My thumb was not always green. In fact, it seemed as though I merely had to look at a plant to make it wilt and wither. Over the years, however, gardening became easier. In fact, I eventually found work as a professional gardener! If you are discouraged in spite of your best efforts, I can honestly tell you that through patience, persistence, and passion, you, too, can acquire a green thumb!
That said, over the years I’ve received a lot of great tips about gardening. It fascinates me that even when putting those tips into practice, some things just seem to resonate better for other people. For example, one year my cucumbers were spindly, but my neighbor was canning pickles. There will always be a little luck involved, no matter what.
There seem to be a few gardening tips, however, that really do work in most circumstances.
First and foremost, start small. I know how tempting it is to walk into a nursery and want to buy every plant and seed in the store! If you set aside one small patch of your yard, or even just use containers like flowerpots, you know you can’t go too crazy.
Next, think about the quality of your soil, or planting medium. We use composted horse manure, peat moss and either Perlite or Vermiculite mixed together. Near one corner of the garden, we have a regular compost area. The compost is added to the soil throughout the season, particularly after each harvest. If you are truly starting from scratch, you may want to purchase a commercial organic potting mix. Just ask a knowledgeable employee at the nursery.
Water – gently, steadily, and often – especially in the summer heat.
Keep those weeds pulled out as much as possible.
I know, that was probably stating the obvious. But I can’t tell you the number of times I’ve heard people complain that they can’t grow anything, but they “never” water! Or equally important, they “never” pull weeds!
Planting certain plants together can often bring good results. I had a grapevine that looked like it was dying, only to plant some hyssop near it, and now the grapevine has lots of green leaves! Allium (onions or garlic) are good companions for a lot of plants, like the cabbage family plants, potatoes, and beans. They also are good companions for roses. I plant chives near my roses and the roses thank me for it every year. The chives produce a beautiful purple flower in early spring, followed by the glorious rose show thereafter. For more in-depth information, read Louise Riotte’s “Carrots Love Tomatoes,” available HERE, and “Roses Love Garlic,” available HERE.
NO NEED FOR SPRAYS
We don’t use chemicals. When we have stubborn weeds, we might pour white vinegar or boiling water on them, which makes for easier removal. One must take care not to douse any nearby “good” plants in the process.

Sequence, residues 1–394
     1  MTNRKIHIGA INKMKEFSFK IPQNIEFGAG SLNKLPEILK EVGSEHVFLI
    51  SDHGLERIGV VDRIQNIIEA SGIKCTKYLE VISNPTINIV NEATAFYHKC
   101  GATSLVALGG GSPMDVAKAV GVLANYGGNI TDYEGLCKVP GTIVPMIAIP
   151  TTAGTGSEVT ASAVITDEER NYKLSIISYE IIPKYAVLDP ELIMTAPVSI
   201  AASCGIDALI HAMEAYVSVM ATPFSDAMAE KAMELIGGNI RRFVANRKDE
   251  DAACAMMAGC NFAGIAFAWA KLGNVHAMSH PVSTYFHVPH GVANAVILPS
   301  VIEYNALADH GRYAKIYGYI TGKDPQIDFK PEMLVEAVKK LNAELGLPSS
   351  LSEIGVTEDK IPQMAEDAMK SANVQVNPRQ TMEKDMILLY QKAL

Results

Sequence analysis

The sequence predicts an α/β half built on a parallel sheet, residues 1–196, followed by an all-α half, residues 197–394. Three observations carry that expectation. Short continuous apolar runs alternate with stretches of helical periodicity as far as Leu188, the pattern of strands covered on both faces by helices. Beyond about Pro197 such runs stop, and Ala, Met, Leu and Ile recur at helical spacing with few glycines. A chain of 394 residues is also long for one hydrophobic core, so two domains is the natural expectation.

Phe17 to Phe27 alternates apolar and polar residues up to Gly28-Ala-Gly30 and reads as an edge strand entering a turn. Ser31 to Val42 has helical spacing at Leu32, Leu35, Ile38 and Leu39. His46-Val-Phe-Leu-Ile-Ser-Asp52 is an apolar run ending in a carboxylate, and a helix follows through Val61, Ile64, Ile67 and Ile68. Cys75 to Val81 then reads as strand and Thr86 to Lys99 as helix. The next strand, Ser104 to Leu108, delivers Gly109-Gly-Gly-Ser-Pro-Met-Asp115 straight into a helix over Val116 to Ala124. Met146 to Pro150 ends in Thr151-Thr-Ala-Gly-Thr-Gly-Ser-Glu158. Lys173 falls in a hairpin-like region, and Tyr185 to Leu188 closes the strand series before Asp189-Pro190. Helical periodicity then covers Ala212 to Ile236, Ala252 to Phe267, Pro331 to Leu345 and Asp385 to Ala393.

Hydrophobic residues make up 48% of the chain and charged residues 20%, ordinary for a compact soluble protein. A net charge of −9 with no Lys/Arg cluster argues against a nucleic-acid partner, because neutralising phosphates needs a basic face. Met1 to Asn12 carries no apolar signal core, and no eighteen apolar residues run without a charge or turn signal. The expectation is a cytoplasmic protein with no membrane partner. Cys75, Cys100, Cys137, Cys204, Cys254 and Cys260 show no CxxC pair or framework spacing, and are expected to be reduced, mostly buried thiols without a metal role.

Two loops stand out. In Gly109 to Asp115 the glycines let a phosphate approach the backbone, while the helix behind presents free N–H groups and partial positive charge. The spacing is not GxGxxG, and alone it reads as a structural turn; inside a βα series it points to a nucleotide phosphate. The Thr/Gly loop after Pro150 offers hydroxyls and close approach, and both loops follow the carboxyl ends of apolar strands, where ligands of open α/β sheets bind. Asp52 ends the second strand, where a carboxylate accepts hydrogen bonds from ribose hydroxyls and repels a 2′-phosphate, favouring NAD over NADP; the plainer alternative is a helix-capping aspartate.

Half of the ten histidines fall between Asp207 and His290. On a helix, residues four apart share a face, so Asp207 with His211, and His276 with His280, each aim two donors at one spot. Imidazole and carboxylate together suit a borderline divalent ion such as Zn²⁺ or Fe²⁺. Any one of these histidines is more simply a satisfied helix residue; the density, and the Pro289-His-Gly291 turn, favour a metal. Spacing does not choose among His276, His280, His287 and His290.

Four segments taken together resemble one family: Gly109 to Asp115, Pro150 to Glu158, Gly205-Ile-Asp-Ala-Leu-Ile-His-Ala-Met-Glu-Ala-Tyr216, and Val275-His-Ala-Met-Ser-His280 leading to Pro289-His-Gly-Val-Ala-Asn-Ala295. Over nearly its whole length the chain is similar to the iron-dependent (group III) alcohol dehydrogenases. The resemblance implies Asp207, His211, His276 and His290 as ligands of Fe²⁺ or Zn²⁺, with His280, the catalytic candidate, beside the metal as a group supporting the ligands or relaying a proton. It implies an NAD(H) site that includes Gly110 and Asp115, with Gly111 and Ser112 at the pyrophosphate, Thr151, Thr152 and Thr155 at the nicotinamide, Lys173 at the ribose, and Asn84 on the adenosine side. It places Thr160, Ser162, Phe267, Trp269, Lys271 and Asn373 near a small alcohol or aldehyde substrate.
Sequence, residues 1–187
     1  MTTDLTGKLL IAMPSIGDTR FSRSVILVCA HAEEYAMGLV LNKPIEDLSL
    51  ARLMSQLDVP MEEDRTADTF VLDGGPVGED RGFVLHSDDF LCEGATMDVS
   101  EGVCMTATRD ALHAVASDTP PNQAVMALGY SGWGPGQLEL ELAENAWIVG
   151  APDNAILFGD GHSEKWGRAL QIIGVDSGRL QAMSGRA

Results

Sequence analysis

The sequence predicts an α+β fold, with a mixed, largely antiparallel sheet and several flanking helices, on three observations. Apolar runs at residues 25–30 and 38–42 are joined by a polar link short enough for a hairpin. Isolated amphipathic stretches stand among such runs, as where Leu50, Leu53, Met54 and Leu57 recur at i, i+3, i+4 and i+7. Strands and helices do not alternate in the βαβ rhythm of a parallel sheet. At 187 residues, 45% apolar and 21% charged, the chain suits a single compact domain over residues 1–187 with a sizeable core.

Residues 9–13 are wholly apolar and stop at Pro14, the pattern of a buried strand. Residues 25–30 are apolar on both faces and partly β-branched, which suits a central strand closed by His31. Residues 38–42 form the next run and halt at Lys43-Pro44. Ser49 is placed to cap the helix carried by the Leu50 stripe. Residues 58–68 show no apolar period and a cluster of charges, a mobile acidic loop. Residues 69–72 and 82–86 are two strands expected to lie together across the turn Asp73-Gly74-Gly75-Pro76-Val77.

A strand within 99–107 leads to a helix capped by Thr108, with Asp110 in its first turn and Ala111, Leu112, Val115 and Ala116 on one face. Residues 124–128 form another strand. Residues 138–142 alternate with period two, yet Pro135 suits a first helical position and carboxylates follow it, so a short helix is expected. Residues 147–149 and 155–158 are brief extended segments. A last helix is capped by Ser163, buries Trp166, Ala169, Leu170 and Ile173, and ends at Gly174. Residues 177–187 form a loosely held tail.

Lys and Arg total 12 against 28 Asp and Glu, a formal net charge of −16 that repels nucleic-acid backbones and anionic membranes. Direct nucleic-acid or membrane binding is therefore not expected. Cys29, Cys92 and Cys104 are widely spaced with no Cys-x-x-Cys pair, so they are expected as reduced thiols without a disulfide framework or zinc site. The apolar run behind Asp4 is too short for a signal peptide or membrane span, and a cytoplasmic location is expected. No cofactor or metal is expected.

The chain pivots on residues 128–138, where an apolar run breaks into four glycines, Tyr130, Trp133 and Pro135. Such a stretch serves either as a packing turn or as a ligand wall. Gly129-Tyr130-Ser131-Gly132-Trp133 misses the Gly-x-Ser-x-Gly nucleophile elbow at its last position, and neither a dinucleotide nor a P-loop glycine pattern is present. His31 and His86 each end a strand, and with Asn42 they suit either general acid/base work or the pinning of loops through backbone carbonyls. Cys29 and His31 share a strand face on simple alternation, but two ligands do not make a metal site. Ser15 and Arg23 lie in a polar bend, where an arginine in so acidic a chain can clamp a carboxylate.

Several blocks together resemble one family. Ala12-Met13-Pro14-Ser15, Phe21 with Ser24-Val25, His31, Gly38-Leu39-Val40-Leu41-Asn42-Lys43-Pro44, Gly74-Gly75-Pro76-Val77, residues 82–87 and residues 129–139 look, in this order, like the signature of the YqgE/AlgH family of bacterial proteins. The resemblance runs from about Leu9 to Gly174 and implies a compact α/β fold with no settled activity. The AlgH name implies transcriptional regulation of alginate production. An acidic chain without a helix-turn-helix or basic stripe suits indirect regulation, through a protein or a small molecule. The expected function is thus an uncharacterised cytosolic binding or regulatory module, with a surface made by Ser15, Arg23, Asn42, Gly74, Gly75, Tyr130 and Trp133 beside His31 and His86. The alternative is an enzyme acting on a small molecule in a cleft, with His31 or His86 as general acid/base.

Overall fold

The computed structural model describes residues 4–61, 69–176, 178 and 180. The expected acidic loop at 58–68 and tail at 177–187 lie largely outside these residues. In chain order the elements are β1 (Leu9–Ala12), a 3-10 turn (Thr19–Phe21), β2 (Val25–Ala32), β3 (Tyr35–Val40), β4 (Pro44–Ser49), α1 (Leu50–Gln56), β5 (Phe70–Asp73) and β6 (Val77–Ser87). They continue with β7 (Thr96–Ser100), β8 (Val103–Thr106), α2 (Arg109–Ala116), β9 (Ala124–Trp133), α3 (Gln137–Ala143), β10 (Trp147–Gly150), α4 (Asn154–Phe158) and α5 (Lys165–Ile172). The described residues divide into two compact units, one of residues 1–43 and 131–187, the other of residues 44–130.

Fear not! Don’t be afraid to try planting something in your garden. What is the worst that could happen? It won’t grow? “If at first you don’t succeed…..” Just make notes about it so you can refer back the following year(s).
Talking to other gardeners is one of the best ways to obtain information. You can read every book on the subject, but local neighbors will have the inside scoop for your area. If you can get hold of your local Cooperative Extension, that is most excellent as well.
Plant seeds as much as possible. As you gain confidence, the seeds you plant can be seeds that you have saved from your own plants. Venture out and exchange seeds with others. Look online for a local seed exchange near you.
Exchange plants with other gardeners. I had to thin some Lilacs, Roses, and Lilies. My friend took them happily. In return, she gave me starts of Lamb’s Ears and Rose Campion.
Think Creatively to Save Money
Ask for manure from a local farmer, or, if you raise animals, you have that covered in spades! Pun intended 😉
Look in your local classified ads or other online community source for things like hay for your compost, or for use as mulch. Some people have old barns full of hay that they would gladly give away for free, as long as you haul it away yourself. Sometimes towns will pile wood chips free for the taking.
Keep trying until something clicks. I have had severe challenges with tomatoes for YEARS! Then one year, FINALLY, I had salsa and spaghetti sauce coming out of my ears! I read A LOT about them, talked to my gardener friend who grows great tomatoes, and there you have it. Here is a peek at some of my previous years’ cherry tomatoes. Those little yellow and white flowers are chamomile:
And to drive the point home, DON’T GIVE UP! Because even if some things don’t grow as you’d hoped, you are still outside, breathing fresh air, and getting exercise! Those things by themselves make gardening a healthy and worthwhile pursuit.
At the end of the day, pour yourself a favorite beverage, like iced tea, lemonade, or, perhaps, wine? Sit outside in a comfy spot. Look around. Breathe. Enjoy being in nature. Share the moment with someone special….or not. Maybe you just want to be blissfully alone. Whatever your preference, it is times like these that help put everything into perspective.
Having said that, let’s hope that the snow will melt and not return for a few months. Basil is in my window, lavender plants are on the porch, half-frozen! I’m nearly ready to dig in the dirt! How about you? And look at your thumb. I’ll bet it’s greener already!
PIN IT FOR LATER